Over the past several years, Montgomery County has taken multiple go-green initiatives. From the five-cent bag tax to paper lunch trays to designated parking spaces for hybrid vehicles, the county has made it its goal to promote environmentally sustainable practices and behaviors.
Recently, Montgomery County adopted a series of environmental bills. Councilmember Roger Berliner, a sponsor of these bills, explained that “we need to do more if we are to address climate change. It is obviously not a hoax and we know what we need to do to address it. We need to use less energy and cleaner energy. Period.”
The bills highlight the importance of energy efficiency. Bill 9-14, which passed with a final vote of 9-0 would require that 50% of the County’s electric power usage be supplied with renewable energy by Fiscal Year 2015 and 100% by 2020.
In order to ensure the county’s sustainable energy usage, Bill 8-14 would “require new or extensively remodeled buildings to generate at least 1 kilowatt of renewable energy”. Through Bill 6-14, an Office of Sustainability would be created within the Department of Environmental Protection. This proposal originated from concerns with the existing Sustainability Working Group, which in recent years has not fully fulfilled its mission of guiding the County’s greenhouse gas reduction implementation.
Berliner states his “measures focus on renewable energy, energy efficiency, transportation and government accountability”. The installation of rooftop solar photo-voltaic systems and the requirement of street lights to be energy efficient LEDs are both mandated by the new bills.
Under Bill 5-14, to ensure proper accountability, an analysis of the social cost of carbon with certain projects in the Capital Improvements Program must be submitted by the Office of Management and Budget. Similarly, as detailed in Bill 2-14, building owners must measure their energy efficiency and make the information public.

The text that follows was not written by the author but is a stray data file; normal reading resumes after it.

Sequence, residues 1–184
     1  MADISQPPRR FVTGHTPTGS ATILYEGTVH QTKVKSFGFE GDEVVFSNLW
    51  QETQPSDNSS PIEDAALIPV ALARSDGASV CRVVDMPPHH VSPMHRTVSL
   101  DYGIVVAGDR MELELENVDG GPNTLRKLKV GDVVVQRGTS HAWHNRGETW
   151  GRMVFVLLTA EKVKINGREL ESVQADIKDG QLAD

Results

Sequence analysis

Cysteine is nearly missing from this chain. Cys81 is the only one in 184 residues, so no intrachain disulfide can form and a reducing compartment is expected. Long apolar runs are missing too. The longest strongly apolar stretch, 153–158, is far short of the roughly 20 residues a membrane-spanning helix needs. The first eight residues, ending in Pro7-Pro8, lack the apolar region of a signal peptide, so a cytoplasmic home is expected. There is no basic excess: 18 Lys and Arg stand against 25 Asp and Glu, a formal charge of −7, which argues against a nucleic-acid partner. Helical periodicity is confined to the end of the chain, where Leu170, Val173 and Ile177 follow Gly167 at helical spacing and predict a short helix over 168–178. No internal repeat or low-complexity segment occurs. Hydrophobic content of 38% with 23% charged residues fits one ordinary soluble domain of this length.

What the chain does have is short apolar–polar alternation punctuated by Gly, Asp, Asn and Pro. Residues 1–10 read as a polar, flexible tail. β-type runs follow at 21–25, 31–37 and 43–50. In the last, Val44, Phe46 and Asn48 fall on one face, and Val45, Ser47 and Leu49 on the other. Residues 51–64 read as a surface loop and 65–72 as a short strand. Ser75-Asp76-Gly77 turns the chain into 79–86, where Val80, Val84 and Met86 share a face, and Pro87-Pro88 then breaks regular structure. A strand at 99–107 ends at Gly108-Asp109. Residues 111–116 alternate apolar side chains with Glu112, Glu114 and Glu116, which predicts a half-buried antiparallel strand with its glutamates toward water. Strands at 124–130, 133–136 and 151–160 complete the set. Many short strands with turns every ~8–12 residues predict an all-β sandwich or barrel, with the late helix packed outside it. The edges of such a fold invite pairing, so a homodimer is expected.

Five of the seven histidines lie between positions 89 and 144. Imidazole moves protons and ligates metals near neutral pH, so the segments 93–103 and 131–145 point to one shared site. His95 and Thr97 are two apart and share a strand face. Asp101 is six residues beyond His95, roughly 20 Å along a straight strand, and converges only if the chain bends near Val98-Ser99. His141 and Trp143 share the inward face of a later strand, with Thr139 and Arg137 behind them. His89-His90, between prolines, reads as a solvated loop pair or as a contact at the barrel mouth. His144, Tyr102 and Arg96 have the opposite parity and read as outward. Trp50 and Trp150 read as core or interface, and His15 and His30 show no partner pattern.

Hans Riemer, representing one million Montgomery County residents as an At-Large Member, sponsored Bill 41-14 which would prohibit the use and sale of some Styrofoam food service products and loose fill packaging. Riemer stressed that the bill “is important because foam, which is a petroleum based-plastic, is a meaningful share of the litter and pollution found in our watersheds. Over time, discarded foam breaks down into small pieces, but it does not completely dissolve and it is very hard to clean up.” A public hearing for the bill is yet to be scheduled.
Under the leadership of Councilmember George Leventhal, Bill 52-14 would prohibit the use of certain lawn pesticides and require the adoption of sustainable integrated pest management programs. Introduced on October 28, the bill has yet to have a scheduled hearing. “In my view, cosmetic pesticides present a substantial threat to the health of today’s children. Certain toxic chemicals can cause permanent brain damage in children even at low levels of exposure”, explained Leventhal.
The passage and implementation of these bills are soon to shape the county into a more sustainable and environmentally aware region of Maryland.
Article Written by the MoCo Student staff writer Wafa Jawad of Clarksburg High School
Artwork by the MoCo Student graphic artist Eva Shen of Blair High School